"Richard Brown nearly died on Sunday, January 21st, thanks to reckless indifference by a Southwest Airlines ticket agent.
A dying hep-C patient, Richard, secured an appointment at the Mayo Clinic. After getting turned down, he was referred to the University of San Francisco.
When he went to board in Scottsdale for California, the ticket agent refused to let Richard fly unless he bought another ticket, due to his weight.
If it is true, I'd hate to see the fallout with this one. I understand airlines charging someone two seats due to their size, but someone with a documented medical condition on a flight with empty seats?
A good friend will get you out of jail. A real friend will be there with you saying, "Damn that was fun!"
DL787932ER From United States of America, joined Dec 2005, 597 posts, RR: 1
Reply 2, posted (8 years 3 months 3 days 9 hours ago) and read 2300 times:
I'm no WN fan but I call on this article. From the article:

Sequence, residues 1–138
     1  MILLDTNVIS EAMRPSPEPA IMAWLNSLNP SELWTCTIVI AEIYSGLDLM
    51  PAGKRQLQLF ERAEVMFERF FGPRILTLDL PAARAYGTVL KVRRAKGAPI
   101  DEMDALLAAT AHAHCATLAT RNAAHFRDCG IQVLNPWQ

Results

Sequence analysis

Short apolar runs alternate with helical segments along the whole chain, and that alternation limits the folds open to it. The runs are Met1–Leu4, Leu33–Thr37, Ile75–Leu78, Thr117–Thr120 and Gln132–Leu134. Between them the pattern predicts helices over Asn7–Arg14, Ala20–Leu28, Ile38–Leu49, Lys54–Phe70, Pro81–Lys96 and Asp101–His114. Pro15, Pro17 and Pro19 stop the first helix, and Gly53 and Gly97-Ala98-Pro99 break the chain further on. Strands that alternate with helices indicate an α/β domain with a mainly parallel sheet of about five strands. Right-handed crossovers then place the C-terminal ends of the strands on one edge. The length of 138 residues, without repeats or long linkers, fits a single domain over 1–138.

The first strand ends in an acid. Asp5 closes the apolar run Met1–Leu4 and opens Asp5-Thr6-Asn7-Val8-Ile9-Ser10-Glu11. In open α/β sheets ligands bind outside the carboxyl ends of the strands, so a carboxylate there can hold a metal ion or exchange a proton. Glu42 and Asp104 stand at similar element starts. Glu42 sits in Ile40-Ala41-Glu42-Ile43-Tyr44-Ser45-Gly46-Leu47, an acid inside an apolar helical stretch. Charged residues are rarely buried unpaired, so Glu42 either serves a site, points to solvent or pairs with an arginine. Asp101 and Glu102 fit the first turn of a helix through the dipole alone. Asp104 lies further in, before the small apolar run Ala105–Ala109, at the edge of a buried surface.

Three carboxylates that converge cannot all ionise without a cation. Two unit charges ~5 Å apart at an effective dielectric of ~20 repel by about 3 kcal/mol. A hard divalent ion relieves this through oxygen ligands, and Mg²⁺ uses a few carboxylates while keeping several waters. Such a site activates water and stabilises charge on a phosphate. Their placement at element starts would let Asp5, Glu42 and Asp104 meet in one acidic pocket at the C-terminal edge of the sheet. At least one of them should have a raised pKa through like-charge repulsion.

Quote: Richard, not having access to readily available funds, could not afford to purchase another seat. Indeed, various family members contributed the only spare change they had to give Richard a mere $300 for meals and incidentals.
First of all, if Richard was with family members, one of them could have turned in their ticket to let him ride. Second, they gave him $300 - I currently show a last minute unrestricted walkup fare PHX-SMF on WN at $192. So he could have bought a second ticket anyway. In either case, it would have been refunded if the flight really wasn't full, as I'm sure the agent explained to him at the time.
Since I haven't heard anything about this story from a real media outlet, I would assume it is just a general "evil corporation" rant not very grounded in reality.